During greater part of 2017 and 2018, our team was doing research in Deep Neural Net (DNN) anomaly detection. The problem we were looking to solve was that control centers usually had far too many surveillance video cameras and control panels to monitor and not enough personal to pay attention to them all. Why not apply machine-learning (ML) anomaly detection on camera and computer monitor feeds to alert control center personal of abnormal events as soon as they occur?
g-streamer description TBD...
Experiences using this skill are shown below:
By 2019, our machine-learning research project was now integrating and managing multiple cameras and video sources and as a result it was becoming increasingly difficult to configure using config. files only. I was given the task of creating a professional-looking desktop UI that could be accessed from a web browser on company locked-down PCs. It was decided that there would be no support for mobile devices and the GUI would be package as a Docker image.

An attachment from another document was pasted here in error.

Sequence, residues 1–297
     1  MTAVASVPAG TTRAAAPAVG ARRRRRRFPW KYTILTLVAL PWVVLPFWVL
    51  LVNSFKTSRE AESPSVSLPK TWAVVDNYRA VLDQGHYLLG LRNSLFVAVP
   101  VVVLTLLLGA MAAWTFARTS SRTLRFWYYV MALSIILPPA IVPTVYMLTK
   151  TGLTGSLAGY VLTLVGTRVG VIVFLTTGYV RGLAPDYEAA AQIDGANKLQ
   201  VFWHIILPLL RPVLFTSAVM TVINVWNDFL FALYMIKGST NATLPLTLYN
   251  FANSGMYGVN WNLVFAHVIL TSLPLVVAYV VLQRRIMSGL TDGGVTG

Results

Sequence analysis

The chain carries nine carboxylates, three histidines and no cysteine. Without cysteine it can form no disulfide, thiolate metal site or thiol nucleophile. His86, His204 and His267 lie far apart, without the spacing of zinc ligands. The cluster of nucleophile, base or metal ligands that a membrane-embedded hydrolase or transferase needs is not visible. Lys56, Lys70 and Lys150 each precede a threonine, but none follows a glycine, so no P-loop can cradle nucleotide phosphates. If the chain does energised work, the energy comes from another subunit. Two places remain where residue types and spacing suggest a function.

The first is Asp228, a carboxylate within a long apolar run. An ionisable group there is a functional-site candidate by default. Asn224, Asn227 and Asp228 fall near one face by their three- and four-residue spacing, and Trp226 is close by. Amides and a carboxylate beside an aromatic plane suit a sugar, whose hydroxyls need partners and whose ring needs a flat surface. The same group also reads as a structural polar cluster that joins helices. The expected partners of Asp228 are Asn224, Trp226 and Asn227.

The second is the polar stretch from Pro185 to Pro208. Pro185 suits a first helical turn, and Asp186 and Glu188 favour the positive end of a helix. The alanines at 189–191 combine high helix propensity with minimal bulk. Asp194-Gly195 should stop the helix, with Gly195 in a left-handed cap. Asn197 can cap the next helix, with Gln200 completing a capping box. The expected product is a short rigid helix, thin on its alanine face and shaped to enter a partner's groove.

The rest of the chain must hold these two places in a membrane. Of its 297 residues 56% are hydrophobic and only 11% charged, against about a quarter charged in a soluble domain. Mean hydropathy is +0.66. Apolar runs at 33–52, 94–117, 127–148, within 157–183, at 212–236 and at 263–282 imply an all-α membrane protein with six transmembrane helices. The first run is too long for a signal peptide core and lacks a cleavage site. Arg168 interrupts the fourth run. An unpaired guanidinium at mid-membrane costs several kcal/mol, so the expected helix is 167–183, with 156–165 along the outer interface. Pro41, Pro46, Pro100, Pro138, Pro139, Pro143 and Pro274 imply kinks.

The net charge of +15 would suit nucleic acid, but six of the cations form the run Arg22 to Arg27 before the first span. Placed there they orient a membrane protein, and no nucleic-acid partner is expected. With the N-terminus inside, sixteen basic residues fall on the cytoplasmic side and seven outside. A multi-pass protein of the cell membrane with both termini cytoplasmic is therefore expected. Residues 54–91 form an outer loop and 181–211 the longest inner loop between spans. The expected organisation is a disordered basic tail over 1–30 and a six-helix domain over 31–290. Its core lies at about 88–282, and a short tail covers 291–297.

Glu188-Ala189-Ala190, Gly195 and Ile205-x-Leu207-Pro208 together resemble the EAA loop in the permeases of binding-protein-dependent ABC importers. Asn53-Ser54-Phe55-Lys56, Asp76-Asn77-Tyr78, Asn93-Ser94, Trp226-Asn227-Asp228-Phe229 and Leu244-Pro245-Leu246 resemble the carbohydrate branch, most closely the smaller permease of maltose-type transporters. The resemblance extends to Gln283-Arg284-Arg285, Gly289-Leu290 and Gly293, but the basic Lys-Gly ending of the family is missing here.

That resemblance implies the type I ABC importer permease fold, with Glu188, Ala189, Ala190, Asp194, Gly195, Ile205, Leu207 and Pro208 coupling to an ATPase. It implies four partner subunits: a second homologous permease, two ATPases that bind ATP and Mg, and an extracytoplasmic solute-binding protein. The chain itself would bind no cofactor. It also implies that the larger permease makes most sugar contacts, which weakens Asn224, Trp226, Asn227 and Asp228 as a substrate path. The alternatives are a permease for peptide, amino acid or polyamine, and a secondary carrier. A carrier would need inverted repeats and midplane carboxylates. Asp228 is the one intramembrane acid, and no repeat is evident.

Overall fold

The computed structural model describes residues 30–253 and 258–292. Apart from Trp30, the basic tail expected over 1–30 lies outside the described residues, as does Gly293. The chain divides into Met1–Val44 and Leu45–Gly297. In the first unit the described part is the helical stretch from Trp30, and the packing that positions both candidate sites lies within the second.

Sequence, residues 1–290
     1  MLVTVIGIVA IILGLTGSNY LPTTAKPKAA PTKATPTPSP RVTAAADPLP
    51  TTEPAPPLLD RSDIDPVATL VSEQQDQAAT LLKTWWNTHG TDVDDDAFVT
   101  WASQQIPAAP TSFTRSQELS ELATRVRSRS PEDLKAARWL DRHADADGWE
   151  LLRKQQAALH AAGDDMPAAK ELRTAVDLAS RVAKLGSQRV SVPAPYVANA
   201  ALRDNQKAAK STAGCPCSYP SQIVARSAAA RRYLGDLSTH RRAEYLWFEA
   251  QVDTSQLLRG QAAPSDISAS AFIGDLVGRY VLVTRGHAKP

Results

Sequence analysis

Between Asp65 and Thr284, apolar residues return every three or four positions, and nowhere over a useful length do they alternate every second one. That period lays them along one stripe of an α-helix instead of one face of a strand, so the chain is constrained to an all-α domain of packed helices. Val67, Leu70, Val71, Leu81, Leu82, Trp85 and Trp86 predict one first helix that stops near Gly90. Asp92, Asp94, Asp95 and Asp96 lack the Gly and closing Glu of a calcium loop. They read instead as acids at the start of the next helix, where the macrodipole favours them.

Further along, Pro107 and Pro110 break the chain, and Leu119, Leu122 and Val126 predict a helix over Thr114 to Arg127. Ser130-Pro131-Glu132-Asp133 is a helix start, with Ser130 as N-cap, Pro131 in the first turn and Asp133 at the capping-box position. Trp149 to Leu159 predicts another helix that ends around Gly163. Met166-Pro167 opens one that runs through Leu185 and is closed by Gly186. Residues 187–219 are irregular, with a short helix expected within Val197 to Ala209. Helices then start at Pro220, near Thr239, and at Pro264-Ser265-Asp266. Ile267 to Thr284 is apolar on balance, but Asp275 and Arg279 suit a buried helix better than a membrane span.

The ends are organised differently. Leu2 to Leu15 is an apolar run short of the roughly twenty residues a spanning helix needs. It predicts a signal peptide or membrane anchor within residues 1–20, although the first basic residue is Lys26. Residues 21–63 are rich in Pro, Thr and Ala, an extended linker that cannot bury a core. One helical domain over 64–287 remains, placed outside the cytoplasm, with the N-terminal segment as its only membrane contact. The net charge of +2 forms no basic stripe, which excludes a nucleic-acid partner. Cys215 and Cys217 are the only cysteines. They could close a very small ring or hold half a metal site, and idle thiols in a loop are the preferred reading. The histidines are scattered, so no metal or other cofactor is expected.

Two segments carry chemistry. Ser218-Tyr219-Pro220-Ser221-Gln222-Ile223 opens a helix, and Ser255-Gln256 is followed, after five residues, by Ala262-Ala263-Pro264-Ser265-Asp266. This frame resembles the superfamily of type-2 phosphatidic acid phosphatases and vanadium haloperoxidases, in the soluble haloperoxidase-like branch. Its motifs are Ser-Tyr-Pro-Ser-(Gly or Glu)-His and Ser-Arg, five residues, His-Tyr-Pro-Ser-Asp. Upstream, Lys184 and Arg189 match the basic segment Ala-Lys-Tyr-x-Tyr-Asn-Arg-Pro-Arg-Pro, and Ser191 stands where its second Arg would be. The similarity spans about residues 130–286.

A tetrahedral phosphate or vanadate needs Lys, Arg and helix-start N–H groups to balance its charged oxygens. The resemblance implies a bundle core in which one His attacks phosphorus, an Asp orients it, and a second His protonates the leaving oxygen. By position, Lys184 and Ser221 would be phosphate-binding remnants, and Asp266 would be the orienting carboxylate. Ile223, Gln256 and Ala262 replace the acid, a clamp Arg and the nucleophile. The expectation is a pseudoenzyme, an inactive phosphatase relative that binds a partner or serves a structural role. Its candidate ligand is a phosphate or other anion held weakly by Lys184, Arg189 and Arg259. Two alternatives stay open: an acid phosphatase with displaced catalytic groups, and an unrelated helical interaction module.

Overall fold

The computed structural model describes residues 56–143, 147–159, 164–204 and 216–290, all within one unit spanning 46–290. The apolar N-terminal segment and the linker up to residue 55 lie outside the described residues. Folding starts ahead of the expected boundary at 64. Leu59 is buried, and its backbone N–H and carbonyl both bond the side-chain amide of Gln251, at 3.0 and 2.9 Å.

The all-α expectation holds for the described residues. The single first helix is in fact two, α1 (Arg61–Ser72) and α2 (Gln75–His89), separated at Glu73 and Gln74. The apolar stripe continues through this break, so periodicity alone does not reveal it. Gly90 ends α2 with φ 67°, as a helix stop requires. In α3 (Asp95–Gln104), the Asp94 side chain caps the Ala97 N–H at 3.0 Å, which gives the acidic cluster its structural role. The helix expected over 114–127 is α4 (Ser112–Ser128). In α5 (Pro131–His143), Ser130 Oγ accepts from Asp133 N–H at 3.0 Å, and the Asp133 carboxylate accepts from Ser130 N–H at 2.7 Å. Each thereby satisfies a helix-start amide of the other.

An earlier version of our machine-learning person tracking software was too slow to keep up on every video frame. (This was before our team attempted to use GPU acceleration with more efficient person tracking software.) This resulted in jumpy video transitions while tracking someone. I was given the task of finding a way of applying video motion smoothing so the resulting video framing would be smooth and professional looking.
Since I had already computed the homography and object segmentation for the text readability prototype, it was just a matter of using the OpenCV library to apply perspective warping on that video stream (from a computed perspective transform based on the homography matrix) so that one video stream could be seamlessly inserted into the other to create an augmented reality mashup. The result was a much clearer rendering of the projected content as seen in the composite video stream by remote users.
I was given the task of researching automatic white-balance algorithms with the goal of calibrating multiple video cameras to the same color balance. The problem was that when switching between multiple cameras covering the same scene, a noticeable color shift was observed in the video stream, especially when the cameras were of different manufacture.